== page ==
This list now also includes an anonymous high-ranking official, author of an opinion column in the New York Times that describes the president as amoral. The author speaks of a firm state within the government that tries to contain Trump’s erratic impulses, a description that borders on that of deep state that according to the president resists his measures. On Friday Trump said that the Department of Justice should find the identity of the anonymous author.
During Nixon’s time, a White House memorandum dated August 16, 1971 asked how they could use the available federal machinery to pester their political enemies. They thought of criminal charges, trials and the denial of subsidies and contracts and the loyalists were asked to contribute names to the list.
Nixon’s list of enemies was drawn up by Dean, the fixer attorney who abandoned loyalty to Nixon and later helped to bring him down from the presidency. The Democrats asked him to appear in the Senate hearings about the Supreme Court as an expert on the executive power. He presented himself as a man richer in years and experience.
According to Dean, there is much to fear from a frenzied president who is prepared to breach his powers and that it is a fact he could testify to from personal experience.
As the president’s legal counsel Dean stipulated paying the thieves who entered the Democrats’ offices in the Watergate building in search of material that would help Nixon’s reelection in 1972. Dean participated in the covering up of Nixon’s guilt until he broke relations with him and declared before the Senate Watergate committee. His testimony was fulminating: he was sentenced to four months in prison for obstruction of justice and Nixon resigned when faced by the threat of removal from office through a political trial.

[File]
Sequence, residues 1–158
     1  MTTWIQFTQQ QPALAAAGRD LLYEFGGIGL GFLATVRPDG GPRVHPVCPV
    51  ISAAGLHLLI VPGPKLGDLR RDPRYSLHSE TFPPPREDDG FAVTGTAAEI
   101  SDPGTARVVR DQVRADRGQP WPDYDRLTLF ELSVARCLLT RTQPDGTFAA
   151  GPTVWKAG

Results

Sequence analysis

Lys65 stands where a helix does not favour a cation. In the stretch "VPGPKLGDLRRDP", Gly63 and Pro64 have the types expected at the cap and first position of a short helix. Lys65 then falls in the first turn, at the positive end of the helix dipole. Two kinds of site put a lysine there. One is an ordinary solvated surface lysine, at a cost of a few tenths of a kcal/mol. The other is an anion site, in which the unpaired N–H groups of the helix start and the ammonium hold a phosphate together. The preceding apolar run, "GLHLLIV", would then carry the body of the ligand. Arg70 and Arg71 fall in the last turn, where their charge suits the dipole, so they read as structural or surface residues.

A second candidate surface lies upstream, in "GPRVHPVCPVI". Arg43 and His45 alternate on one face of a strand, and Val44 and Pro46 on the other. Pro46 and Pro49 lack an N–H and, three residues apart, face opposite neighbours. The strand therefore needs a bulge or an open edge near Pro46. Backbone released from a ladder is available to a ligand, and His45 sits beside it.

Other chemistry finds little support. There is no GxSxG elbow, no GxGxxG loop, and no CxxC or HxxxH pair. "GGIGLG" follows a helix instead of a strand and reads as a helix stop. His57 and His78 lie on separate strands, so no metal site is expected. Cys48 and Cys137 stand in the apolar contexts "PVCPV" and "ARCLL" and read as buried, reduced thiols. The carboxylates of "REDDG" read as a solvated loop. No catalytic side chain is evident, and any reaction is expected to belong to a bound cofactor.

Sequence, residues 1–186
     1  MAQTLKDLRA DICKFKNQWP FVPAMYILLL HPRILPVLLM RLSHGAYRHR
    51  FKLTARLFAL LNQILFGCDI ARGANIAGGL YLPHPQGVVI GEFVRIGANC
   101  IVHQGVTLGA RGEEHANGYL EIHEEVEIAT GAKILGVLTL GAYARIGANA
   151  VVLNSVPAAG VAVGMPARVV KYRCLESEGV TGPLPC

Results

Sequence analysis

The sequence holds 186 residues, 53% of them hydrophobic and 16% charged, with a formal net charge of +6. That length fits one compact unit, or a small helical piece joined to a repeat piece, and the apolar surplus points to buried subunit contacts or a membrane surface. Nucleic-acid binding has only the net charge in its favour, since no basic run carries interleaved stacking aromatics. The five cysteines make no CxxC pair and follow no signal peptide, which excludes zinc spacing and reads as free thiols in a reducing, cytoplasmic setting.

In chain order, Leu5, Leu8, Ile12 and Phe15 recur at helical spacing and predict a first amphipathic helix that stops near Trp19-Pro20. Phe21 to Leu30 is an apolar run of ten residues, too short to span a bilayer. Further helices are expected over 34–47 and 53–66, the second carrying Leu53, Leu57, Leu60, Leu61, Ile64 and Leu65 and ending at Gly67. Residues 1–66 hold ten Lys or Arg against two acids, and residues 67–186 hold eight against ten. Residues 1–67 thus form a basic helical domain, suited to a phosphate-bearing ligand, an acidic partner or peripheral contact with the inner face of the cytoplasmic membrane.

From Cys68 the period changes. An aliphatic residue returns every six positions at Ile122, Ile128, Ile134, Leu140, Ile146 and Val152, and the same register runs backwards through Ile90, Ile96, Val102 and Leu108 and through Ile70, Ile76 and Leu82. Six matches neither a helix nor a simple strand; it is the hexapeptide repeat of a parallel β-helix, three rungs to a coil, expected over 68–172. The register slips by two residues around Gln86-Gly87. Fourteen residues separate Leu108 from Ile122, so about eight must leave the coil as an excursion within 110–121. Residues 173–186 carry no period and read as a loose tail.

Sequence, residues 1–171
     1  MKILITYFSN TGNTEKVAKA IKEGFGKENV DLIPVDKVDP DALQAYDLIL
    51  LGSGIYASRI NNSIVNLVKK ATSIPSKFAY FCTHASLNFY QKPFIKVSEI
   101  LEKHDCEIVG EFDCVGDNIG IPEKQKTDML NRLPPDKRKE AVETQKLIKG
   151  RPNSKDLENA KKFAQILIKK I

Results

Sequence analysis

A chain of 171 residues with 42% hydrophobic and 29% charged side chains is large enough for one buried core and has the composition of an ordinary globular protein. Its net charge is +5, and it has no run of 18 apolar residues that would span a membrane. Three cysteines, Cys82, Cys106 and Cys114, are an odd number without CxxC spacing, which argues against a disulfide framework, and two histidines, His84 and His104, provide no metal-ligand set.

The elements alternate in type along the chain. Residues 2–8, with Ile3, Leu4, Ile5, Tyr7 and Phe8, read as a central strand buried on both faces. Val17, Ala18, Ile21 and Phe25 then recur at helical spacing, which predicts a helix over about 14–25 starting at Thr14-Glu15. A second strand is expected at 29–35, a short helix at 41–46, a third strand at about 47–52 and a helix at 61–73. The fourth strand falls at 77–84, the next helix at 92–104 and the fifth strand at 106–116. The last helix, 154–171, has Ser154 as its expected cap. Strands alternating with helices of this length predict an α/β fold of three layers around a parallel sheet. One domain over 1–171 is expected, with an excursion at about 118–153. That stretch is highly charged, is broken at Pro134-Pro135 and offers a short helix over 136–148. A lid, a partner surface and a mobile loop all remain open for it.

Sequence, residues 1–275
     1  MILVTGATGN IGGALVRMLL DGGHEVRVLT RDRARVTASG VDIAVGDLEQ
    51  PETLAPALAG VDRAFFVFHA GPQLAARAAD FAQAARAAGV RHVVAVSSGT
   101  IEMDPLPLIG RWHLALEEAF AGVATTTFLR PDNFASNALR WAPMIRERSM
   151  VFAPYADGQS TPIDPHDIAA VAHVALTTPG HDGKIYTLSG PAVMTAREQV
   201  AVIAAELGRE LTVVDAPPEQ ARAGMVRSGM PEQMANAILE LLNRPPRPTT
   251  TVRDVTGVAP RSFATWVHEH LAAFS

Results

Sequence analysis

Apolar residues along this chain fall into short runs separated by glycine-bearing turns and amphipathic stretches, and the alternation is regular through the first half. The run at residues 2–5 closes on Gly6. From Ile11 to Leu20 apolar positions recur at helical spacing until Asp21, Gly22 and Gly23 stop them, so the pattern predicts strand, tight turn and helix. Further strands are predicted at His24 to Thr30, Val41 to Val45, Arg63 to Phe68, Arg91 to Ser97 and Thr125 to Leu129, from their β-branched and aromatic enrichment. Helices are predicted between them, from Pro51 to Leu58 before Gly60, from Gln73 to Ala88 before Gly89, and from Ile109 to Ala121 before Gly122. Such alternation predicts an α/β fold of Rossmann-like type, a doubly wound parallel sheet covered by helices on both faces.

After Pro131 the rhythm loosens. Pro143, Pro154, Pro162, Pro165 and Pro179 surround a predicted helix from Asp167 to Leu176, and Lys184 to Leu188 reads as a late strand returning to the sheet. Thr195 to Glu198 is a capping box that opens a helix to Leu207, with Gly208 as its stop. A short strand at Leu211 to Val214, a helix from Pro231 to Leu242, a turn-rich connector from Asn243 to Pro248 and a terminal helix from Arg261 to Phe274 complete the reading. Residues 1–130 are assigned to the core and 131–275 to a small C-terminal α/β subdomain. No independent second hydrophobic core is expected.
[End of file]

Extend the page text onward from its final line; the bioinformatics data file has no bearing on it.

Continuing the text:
Dean’s parallel counterpart is Michael Cohen, the president’s former personal attorney, who paid women who say they had had sexual relations with Trump to silence them.
Cohen pleaded guilty of eight criminal charges and said in a federal court that he had violated the campaign financing laws as part of a cover up ordered by Trump, something the president denies.
Another possible parallel is Don McGahn, White House legal counsel who has cooperated with the investigations and has declared for hours. It still isn’t clear if the material handed over by McGahn is damaging to the president.
Trump is not charged with any crime and the series of statements by campaign collaborators provided by Mueller have not revealed there is collusion between Moscow and Trump’s campaign team. There are no conclusive evidences.
Until now, the parallelisms with Watergate are partial, says Naftali.
However, he said that Nixon’s handbook of dirty tricks, abuse of power and political espionage is a useful source of questions for any investigation of an impulsive, erratic and potentially criminal presidency, and he added that they will be paying attention because Nixon’s presidency taught them how to avoid U.S. presidents from doing what Nixon did.
AP / OnCuba